Step 3: Peg the short side of your tarp directly to the ground.

Step 4: Use the longer side to create a sidewall and a groundsheet, pegging out both to create a taut triangular structure. Make sure your floor doesn't poke out from under your walls. Otherwise, it will do a great job of collecting water and leaving you in a puddle.

A plough point style tarp shelter setup.
Image used with permission by copyright holder

Plow point

The plow point is a firm favorite among bikepackers, where their bikes can help to create the structure without encroaching on their sleeping space. This quick and easy structure can be set up against a tree, a stick, a hiking pole, a bike, or just about anything else that can support it. Because it's only supported at one point, the plow point gives you loads of protection for minimal pitch time.

Lower support will give you less shelter space but can be easier to set. Having the support at around head height optimizes space inside the shelter, and you can use your guy line to extend off a tree and give you more room to enter and exit your shelter.

Step 1: Lay your tarp flat on the ground and peg out the corner pointing into the wind. Then peg out the outside corners along either edge from this point. If you're using an exceptionally high attachment point, these outer corners can be pegged on short guy lines or bungee.

Step 2: Attach your remaining corner to your support point. If you're using a pole or bike, wrap the guy line around once and tension it to the ground. Be careful as you tension your line that you don't bend your hiking pole out of shape.

Step 3: Adjust the tension on the pole and corners until you have the setup properly secure. If you have a central attachment point on the back of the tarp, this can be run to another pole, or a tree, to maximize internal space and make sure that rain runs off efficiently.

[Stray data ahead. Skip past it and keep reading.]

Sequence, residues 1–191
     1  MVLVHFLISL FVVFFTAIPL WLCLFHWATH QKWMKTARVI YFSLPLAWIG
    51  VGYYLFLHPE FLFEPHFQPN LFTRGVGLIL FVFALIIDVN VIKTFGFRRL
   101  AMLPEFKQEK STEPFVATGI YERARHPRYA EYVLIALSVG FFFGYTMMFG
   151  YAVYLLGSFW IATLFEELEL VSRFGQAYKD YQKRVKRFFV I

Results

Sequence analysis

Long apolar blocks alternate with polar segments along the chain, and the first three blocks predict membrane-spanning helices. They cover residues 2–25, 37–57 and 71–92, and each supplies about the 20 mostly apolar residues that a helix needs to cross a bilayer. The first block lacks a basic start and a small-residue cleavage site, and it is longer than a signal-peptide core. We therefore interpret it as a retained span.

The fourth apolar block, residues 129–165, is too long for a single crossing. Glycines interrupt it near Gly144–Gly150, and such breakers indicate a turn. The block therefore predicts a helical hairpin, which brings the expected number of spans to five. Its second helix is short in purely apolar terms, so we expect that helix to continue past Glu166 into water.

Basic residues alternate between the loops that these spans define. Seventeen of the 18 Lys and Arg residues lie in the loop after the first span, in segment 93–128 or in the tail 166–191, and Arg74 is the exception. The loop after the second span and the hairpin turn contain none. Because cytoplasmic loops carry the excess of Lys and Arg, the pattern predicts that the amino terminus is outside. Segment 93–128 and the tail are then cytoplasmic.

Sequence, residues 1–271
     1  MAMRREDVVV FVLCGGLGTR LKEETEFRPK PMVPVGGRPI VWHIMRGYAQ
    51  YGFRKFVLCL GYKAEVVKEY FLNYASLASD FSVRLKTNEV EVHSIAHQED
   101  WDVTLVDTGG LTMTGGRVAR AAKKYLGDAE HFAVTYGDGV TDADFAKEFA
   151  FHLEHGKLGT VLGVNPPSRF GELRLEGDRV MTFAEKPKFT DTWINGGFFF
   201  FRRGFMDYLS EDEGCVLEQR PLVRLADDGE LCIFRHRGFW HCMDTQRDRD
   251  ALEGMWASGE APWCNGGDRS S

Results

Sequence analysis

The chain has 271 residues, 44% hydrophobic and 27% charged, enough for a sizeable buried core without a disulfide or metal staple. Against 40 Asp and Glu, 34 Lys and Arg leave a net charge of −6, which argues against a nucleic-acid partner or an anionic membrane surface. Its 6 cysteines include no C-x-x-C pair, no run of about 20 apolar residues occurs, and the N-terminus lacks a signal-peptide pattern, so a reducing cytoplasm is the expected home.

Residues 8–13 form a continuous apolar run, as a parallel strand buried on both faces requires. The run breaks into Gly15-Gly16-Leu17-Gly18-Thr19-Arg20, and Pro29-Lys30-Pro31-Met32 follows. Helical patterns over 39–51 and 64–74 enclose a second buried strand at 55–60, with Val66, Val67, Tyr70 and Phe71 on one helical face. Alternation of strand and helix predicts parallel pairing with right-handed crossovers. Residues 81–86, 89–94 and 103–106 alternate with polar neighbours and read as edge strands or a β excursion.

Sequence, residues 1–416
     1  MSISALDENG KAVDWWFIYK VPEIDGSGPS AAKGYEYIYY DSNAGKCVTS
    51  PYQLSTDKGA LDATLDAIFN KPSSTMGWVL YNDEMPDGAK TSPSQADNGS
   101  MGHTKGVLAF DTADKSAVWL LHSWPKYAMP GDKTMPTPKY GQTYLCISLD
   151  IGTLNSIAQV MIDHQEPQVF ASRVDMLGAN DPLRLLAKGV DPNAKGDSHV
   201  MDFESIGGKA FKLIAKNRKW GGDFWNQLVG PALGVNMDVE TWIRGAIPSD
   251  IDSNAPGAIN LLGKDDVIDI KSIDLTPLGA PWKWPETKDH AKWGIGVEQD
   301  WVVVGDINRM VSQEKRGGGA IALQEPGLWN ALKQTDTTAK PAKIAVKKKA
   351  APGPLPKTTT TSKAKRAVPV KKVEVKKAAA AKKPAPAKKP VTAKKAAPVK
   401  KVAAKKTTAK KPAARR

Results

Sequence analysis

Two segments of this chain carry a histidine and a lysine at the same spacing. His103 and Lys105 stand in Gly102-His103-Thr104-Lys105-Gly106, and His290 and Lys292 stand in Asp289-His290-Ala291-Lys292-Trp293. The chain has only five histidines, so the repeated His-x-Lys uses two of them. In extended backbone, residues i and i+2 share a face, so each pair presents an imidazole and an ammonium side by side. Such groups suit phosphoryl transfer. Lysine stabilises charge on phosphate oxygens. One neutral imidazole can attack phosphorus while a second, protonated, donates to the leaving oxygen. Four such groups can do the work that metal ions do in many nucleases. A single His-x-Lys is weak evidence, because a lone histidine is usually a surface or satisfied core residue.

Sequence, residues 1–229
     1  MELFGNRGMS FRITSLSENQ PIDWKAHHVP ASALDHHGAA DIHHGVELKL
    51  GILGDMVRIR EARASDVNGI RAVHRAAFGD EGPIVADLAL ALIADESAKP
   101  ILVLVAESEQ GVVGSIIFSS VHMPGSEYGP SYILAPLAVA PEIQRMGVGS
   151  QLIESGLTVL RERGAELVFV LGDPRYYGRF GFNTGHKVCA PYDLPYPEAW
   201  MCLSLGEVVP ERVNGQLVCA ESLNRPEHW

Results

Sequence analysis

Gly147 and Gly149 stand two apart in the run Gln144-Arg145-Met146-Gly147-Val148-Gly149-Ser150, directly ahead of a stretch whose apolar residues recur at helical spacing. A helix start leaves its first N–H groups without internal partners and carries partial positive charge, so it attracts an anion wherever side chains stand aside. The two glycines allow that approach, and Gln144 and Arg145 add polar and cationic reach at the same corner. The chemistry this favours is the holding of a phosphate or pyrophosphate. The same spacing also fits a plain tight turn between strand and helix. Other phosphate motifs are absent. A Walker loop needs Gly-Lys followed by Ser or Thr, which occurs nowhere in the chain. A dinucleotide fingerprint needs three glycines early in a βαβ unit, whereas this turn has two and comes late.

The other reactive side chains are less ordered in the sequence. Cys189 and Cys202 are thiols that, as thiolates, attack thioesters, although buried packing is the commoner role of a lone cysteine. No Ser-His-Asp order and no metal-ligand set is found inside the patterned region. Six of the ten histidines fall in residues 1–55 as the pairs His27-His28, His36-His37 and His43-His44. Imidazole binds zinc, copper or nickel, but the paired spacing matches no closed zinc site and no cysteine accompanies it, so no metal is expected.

An Adirondack style tarp shelter setup in the woods.
Image used with permission by copyright holder


The adirondack looks a lot like a fishing shelter. The sidewalls of this shelter give you extra protection from the wind and rain while retaining a little more heat than a traditional lean-to. This is great for fair-weather winter camping, where you can set your campfire just outside the shelter and benefit from the heat without risking damage to your tarp. Compared with some of the other shelters, this can feel a little fiddly to set up and may not be a quick fix for a lunch stop.

Step 1: Set your ridgeline to around shoulder height. Pull one corner over the ridgeline. On tarps with multiple attachment points along each side, use the next point along from the corner to attach your tarp to your ridgeline.

Step 2: The tarp should reach the ground where the outside corners can be pegged directly into the ground. Adjust your ridgeline if necessary.

Step 3: Peg the back wall directly to the ground. Fold under the remaining corner - this can be used as a groundsheet, though it won't fill the whole space. If you have central attachment points on the back of your shelter, attach one of these to the ground also.

Step 4: Use the outside corners to create sidewalls and peg these out at an angle appropriate to your tarp shelter. In warmer weather, you may choose to create a more open shelter, or in the wind, you may have the sidewalls closer in.

Step 5: The top corner can be pegged out, or attached to a nearby tree, to create a small roof. Alternatively, roll it over the ridgeline and down the rear of the tarp to create a more open shelter.